The pans then enter a BABBCO 175-ft, four-zone tunnel oven — the longest in the operation because the 4- to 5-lb loaf cakes require additional bake time — that can produce up to 9,600 lb an hour. “All of our products were developed for rack ovens,” Mr. O’Donnell noted. “We found out that an impingement oven best replicates what we were trying to do in rack ovens because of how the forced air circulates.” He added that tunnel ovens bake the large loaf cakes in about 35% less time than the rack ovens do.
After baking, the pans travel around a G&F spiral ambient cooler for 20 to 40 minutes, depending on the product. The loaf cakes are manually depanned and enter a dual-spiral blast freezer set at -30°F for a 150-minute dwell. In comparison, products placed in the older rack or static systems take up to 12 hours to freeze.
Installed in 2011, Line 4 for mini loaf cakes also uses a slurry system as well as a Peerless double-sigma mixer to create streusel. After pan washing and oiling, the 24-piece pans pass through a Tromp twin depositing and topping line. Specifically, batter is deposited, topped with streusel and the process is repeated to create the multi-textured product. Line operators manually smooth out the streusel to ensure full coverage on the top of each piece.
After baking in a BABBCO120-ft air-impingement oven, the loaf cakes receive ambient cooling before manual depanning, entering a JBT Frigoscandia single-spiral blast freezer and traveling down a spiral lowerator to the floor level. Mr. O’Donnell noted that the newer freezer cost about 35% more than the older one, but the footprint is half the size as the older one and easier to clean. It’s also 50% more energy efficient than industry standards.
That’s a wrap
Because of San Antonio’s hot and humid climate, the entire operation is air-conditioned. The bakery keeps the makeup and oven room around 80°F, the warehouse approximately 70°F and the cooler, freezer and packaging departments at about 60°F. In addition to providing employees with a comfortable working environment, the filtered-air, temperature-controlled operation maintains quality control and optimizes the freezing systems.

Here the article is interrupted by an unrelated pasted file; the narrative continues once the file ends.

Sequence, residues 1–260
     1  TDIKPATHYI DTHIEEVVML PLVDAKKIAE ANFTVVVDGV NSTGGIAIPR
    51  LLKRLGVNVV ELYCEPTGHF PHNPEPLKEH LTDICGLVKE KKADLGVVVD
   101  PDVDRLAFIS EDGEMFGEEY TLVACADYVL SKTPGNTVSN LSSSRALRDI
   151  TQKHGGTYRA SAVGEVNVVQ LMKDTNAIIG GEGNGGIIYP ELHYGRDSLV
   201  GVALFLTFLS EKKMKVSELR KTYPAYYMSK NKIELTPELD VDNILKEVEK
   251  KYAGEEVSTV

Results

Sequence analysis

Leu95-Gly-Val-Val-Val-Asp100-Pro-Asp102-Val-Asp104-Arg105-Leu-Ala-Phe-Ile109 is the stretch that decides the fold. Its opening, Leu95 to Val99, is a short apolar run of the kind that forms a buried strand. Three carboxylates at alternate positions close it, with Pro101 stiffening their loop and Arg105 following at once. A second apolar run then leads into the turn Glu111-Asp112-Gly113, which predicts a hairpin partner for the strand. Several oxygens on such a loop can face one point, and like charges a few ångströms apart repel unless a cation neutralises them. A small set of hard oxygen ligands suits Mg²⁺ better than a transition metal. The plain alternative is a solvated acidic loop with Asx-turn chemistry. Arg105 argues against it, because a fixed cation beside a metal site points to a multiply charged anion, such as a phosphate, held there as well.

The newest capital additions can be found in the slicing and packaging department, which consist of two separate rooms — one for each high-speed production line. Loaf cakes from Line 3 enter a Matiss ultrasonic slicer that can be automatically reconfigured to cut products in 12 different ways. Before purchasing the ultrasonic slicers — a second one serves Line 4 — the bakery relied on 26 FoodTools mechanical slicers.
“This machine is processing three times the amount of product with just one person and almost no waste,” Mr. O’Donnell said. “You can cut a half or full sheet cake into 10, 20 or 40 pieces without any mechanical setup. Just push a button and go.”
The sliced pumpkin loaf cakes then enter one of three Campbell horizontal wrappers, operating at speeds up to 250 pieces a minute. Mini loaf cakes from Line 4 enter two horizontal wrappers. The packaging department also has Mettler Toledo checkweighers, Safeline metal detectors, Safeline X-ray machines and Arpac packing and labeling systems that code every product.
For Hill Country, the challenge in ramping up the packaging department wasn’t only getting used to the new technology. “It requires a lot of training to get employees to adapt to new speeds,” Mr. O’Donnell said.
Currently, products are manually casepacked, palletized and shrinkwrapped. Hill Country then uses its fleet of 15 tractor trailers to shuttle products six miles away to its 60,000-sq-ft distribution center, which holds 3,600 pallets or 180 trailers of products. The trucks return to the bakery carrying ingredients and packaging materials from the center on a daily basis.
Hill Country Bakery presently has the capacity to serve 100,000 c-stores and ample room to ramp up production on existing lines after it installs the next generation of packaging lines, according to Mr. O’Donnell. Moreover, the company plans to put in yet another high-speed production line and move employee parking across the street. It’s already bought the additional property.
Mr. Nolan added that the brands are designed to drive traffic not only to c-stores and gas stations but also to supermarkets and other mainstream retailers. The company has even designed shippers for mass merchandisers and warehouse clubs.
“Our goal is to create a brand that is known nationally and brings great quality products to the masses,” he said.
Mr. O’Donnell believes the company is creating something special. “My expectations? These brands are a game-changer,” he said.